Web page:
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Housing the war workers, Woolwich 1915

21 Sep

Wars are inherently destructive. At the same, they can bring construction – army camps and airfields being the most obvious examples. Near Woolwich in 1915, though, it was housing for munitions workers that was needed – and the resulting development became known as the Progress Estate.

A street being constructed for Woolwich arsenal workers (War Illustrated, vol 3)

The Woolwich arsenal grew enormously from the start of the Great War. Housing was needed for thousands of new workers there and the Government set about building it near to Well Hall Station (now Eltham Station). The houses were built, according to the War Illustrated, with the intention that they be good quality housing for the post-war era.

The Hidden London website describes the estate

Following the outbreak of the First World War, the government acquired 96 acres of farmland on either side of Well Hall Road to build an estate for munitions workers at Woolwich. Construction workers were drafted in from all parts of London to build 1,300 homes on ‘garden city’ lines and the project was completed by December 1915. Despite the urgency, the Ministry of Works team, led by Francis Baines, achieved high archi­tectural standards, especially in terms of stylistic variation. Many of the three miles of roads curved with the contours of the land and field boundary trees were retained where possible.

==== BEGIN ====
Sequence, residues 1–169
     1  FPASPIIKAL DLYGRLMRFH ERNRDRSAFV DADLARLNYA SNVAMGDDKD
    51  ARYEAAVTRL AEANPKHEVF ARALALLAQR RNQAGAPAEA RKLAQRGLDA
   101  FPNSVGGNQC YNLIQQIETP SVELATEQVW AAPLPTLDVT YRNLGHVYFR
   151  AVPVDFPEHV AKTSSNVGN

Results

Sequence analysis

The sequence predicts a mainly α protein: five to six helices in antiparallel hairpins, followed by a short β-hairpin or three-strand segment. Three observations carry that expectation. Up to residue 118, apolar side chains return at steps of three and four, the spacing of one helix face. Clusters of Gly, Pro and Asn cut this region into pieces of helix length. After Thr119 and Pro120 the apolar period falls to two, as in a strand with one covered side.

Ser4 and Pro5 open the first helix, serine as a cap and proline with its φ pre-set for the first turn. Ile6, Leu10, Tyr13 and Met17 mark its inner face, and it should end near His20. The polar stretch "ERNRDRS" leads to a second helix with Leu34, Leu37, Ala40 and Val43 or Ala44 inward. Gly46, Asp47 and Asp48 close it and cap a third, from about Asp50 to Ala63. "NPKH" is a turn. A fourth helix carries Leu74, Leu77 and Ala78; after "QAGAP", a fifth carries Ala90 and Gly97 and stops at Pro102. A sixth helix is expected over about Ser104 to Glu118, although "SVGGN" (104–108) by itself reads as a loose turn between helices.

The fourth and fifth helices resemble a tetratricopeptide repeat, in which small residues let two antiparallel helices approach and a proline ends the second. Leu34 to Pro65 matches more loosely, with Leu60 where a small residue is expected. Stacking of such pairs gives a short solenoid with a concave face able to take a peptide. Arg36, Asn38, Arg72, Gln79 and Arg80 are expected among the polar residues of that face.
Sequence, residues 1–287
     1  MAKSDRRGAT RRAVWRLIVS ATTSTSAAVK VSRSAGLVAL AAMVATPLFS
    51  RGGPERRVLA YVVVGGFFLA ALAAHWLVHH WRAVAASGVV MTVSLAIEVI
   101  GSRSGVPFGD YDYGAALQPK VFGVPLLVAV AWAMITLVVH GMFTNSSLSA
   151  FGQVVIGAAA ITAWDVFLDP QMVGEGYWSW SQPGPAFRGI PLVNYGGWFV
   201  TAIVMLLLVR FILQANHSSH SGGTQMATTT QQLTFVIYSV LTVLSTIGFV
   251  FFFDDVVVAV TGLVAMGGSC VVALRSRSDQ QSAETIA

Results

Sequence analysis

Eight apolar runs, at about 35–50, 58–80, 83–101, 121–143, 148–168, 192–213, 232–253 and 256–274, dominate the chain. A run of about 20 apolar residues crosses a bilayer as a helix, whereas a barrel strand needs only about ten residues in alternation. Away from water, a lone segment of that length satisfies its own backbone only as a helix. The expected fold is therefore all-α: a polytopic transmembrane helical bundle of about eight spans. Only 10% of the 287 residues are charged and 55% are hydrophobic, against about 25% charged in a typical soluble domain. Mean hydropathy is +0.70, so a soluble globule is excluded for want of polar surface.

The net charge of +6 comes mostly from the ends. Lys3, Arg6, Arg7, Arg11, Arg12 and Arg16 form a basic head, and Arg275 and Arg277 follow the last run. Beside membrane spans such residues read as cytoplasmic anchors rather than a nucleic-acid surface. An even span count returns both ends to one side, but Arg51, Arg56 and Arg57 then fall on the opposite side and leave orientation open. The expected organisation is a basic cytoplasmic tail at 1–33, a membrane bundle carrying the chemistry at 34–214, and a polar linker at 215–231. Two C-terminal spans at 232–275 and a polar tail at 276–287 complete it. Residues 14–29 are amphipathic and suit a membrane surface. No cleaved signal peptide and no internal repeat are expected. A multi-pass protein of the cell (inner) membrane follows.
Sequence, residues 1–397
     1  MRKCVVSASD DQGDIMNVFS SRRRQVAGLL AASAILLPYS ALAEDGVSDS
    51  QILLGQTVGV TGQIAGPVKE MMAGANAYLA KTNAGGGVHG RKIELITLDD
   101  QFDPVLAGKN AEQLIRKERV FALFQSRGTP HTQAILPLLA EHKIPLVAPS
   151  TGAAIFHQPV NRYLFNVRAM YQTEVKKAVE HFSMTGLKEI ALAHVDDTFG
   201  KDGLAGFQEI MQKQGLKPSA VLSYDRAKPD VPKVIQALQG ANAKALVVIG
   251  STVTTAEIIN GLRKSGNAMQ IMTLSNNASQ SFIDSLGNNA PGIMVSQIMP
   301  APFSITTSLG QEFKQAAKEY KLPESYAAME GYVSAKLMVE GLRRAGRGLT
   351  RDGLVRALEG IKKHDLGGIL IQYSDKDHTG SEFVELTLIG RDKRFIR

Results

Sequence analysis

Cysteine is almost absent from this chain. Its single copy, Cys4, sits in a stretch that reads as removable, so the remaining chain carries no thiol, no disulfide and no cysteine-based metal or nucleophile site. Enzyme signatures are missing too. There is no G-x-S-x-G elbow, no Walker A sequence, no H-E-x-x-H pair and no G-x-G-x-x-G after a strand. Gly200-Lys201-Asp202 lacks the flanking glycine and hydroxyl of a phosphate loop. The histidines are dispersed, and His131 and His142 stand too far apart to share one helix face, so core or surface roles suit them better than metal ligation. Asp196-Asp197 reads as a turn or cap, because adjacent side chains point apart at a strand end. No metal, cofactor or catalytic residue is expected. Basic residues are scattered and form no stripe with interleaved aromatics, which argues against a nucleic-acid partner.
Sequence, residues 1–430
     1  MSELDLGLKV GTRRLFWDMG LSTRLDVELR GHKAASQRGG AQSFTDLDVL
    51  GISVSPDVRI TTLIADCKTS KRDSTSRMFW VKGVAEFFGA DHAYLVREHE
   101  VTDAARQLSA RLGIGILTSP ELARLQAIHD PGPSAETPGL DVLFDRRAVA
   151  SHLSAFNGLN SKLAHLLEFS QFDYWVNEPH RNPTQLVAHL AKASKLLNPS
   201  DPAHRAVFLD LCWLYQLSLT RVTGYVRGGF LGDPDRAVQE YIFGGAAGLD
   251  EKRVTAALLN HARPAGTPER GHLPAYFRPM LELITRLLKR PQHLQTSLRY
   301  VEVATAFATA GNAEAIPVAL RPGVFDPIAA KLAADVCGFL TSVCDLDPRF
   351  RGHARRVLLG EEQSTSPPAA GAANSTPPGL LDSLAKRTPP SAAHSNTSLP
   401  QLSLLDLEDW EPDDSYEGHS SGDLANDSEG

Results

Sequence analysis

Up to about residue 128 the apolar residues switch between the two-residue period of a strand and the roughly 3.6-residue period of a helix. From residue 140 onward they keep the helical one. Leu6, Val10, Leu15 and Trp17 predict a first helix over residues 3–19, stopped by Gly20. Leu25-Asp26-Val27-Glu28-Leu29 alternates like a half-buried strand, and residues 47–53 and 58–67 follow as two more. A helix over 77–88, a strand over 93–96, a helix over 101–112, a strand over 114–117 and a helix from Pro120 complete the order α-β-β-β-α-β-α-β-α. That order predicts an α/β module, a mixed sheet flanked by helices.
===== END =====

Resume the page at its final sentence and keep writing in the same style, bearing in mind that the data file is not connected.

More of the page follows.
Houses being constructed at Well Hall.

It was renamed the Progress estate in 1925 and the Ideal Homes website has a nice gallery of post-war photos of the area.

Sadly, the area became famous again in 1993 when 18-year-old sixth-form student Stephen Lawrence from Eltham was murdered by a racist gang on Well Hall Road.

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2 Comments

Posted by on 21 September 2012 in Ordinary Londoners, Places

 

Tags: , , , , , , ,

2 responses to “Housing the war workers, Woolwich 1915

  1. Jasmine

    18 January 2014 at 9:51 am

    this is really awesome I needed it a lot to do my homework as I prepare for my test on ww1 ,ww2 .

     

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